What fictional characters, in books or films, inspire you to be a better person, or warn you against bad choices. Why not return to that film or book this week. Or get a copy of Jayber Crow (I could lend it to you if you promise to return it!).

Finally, this reflection will appear on the Ballycrochan Presbyterian Church facebook page, why not go over there and leave your recommendations of books or films in the comments.

This morning I offer you a poem as an instrument of quiet meditation. The poem is “The Peace of Wild Things” by Wendell Berry which draws us away from the the worry and stress of our lives into peace and quiet where God is. It has many of the themes of our parable, stress and anxiety and dread for the future, but calls us to another way of being in the world. A way that acknowledges the goodness that we have been given and the grace that is all round us.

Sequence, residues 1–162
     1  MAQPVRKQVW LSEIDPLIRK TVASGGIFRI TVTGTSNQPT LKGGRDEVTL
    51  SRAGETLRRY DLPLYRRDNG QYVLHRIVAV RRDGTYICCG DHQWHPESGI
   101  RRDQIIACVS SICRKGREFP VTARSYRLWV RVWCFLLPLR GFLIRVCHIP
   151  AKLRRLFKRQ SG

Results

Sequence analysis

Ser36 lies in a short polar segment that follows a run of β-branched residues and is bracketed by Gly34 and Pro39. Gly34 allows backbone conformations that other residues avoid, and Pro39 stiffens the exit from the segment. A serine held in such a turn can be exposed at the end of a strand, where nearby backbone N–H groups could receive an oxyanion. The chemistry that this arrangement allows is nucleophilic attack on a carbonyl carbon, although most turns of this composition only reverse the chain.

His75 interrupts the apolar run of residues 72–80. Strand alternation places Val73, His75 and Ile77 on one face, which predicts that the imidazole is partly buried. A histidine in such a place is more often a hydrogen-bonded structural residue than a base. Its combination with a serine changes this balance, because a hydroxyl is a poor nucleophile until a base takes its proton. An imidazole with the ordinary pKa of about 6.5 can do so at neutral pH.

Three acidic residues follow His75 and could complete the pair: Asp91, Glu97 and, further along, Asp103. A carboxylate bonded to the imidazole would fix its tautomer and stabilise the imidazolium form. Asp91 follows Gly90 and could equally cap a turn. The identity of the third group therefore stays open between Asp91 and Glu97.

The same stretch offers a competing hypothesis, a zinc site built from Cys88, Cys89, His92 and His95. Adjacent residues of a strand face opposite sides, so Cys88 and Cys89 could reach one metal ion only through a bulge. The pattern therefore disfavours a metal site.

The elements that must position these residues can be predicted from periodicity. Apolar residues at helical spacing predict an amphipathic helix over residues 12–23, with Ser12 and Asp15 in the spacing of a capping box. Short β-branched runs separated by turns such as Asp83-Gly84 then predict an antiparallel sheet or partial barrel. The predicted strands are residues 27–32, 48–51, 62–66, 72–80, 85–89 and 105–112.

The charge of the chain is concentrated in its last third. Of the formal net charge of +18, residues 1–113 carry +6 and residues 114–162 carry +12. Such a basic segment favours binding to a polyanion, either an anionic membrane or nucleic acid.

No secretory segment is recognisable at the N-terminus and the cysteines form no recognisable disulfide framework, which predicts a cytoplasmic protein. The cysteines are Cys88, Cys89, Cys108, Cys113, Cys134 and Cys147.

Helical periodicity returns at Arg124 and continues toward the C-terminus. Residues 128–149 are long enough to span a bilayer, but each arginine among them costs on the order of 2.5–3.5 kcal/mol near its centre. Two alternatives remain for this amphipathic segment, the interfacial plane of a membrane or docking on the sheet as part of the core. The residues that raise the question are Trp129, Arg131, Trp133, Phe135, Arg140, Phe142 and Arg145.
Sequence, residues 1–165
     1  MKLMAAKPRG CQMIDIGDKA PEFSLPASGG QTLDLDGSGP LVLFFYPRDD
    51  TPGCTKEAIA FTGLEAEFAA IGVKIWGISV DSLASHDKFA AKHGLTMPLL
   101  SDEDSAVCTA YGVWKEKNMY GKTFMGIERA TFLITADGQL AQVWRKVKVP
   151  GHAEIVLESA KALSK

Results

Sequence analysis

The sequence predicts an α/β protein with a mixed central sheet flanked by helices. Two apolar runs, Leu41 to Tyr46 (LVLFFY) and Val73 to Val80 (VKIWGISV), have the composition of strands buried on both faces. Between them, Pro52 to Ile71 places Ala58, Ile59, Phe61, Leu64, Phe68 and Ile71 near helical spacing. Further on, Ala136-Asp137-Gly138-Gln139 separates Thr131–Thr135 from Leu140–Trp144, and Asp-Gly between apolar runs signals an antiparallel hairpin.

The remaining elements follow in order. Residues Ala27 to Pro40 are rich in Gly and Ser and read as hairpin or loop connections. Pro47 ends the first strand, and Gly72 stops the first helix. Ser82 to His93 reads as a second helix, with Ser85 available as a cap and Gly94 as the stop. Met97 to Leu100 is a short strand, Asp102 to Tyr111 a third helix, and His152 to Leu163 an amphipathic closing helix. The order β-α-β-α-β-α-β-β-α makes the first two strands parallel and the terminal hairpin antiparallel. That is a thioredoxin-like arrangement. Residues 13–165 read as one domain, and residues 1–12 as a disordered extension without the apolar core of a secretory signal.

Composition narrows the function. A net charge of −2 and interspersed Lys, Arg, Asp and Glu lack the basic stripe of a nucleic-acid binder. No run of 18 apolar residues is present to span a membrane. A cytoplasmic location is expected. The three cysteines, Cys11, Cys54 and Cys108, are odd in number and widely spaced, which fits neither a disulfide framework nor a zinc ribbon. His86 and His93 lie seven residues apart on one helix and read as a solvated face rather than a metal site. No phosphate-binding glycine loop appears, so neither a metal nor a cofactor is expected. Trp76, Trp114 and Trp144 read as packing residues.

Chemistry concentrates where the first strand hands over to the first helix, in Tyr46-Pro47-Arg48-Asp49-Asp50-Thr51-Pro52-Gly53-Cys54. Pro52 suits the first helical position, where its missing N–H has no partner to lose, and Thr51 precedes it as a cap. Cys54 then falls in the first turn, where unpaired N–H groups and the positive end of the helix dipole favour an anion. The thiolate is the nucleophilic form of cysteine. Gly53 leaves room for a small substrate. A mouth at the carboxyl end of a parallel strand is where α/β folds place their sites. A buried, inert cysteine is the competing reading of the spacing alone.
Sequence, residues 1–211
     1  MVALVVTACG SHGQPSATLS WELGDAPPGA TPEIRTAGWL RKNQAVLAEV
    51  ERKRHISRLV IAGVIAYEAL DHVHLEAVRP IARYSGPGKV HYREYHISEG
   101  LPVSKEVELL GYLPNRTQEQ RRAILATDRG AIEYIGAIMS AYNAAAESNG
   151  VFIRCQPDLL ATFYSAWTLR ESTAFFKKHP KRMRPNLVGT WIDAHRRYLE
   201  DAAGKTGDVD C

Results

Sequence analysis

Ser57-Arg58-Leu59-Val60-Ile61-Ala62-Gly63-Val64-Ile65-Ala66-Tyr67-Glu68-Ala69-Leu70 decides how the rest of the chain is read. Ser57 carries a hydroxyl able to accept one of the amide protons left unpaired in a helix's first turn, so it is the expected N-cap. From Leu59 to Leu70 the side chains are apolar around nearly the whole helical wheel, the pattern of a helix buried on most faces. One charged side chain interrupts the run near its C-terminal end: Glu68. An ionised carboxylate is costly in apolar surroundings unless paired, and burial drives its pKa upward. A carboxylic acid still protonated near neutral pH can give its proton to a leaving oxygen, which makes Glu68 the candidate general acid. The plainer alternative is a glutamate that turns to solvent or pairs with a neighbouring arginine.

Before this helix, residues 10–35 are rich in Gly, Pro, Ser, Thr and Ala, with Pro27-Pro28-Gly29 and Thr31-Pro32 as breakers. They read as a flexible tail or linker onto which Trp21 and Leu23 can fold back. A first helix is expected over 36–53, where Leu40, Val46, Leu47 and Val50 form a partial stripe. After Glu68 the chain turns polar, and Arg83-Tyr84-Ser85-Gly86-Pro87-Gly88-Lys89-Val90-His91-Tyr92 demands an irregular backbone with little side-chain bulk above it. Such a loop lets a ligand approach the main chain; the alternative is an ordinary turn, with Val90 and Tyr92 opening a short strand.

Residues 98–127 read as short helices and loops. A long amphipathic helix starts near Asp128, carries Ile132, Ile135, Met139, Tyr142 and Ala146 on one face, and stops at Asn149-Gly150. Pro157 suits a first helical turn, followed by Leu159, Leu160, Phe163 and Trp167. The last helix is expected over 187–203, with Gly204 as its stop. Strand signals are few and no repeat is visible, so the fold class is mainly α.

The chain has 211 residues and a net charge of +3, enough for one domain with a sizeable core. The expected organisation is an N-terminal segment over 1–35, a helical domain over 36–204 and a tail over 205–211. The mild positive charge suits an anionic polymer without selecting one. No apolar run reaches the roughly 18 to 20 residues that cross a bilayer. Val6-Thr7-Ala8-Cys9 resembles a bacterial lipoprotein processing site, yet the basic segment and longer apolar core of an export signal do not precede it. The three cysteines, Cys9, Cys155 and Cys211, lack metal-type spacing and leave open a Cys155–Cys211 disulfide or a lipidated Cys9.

The Peace of Wild Things

When despair for the world grows in me
and I wake in the night at the least sound
in fear of what my life and my children’s lives may be,
I go and lie down where the wood drake
rests in his beauty on the water, and the great heron feeds.
I come into the peace of wild things
who do not tax their lives with forethought
of grief. I come into the presence of still water.
And I feel above me the day-blind stars
waiting with their light. For a time
I rest in the grace of the world, and am free.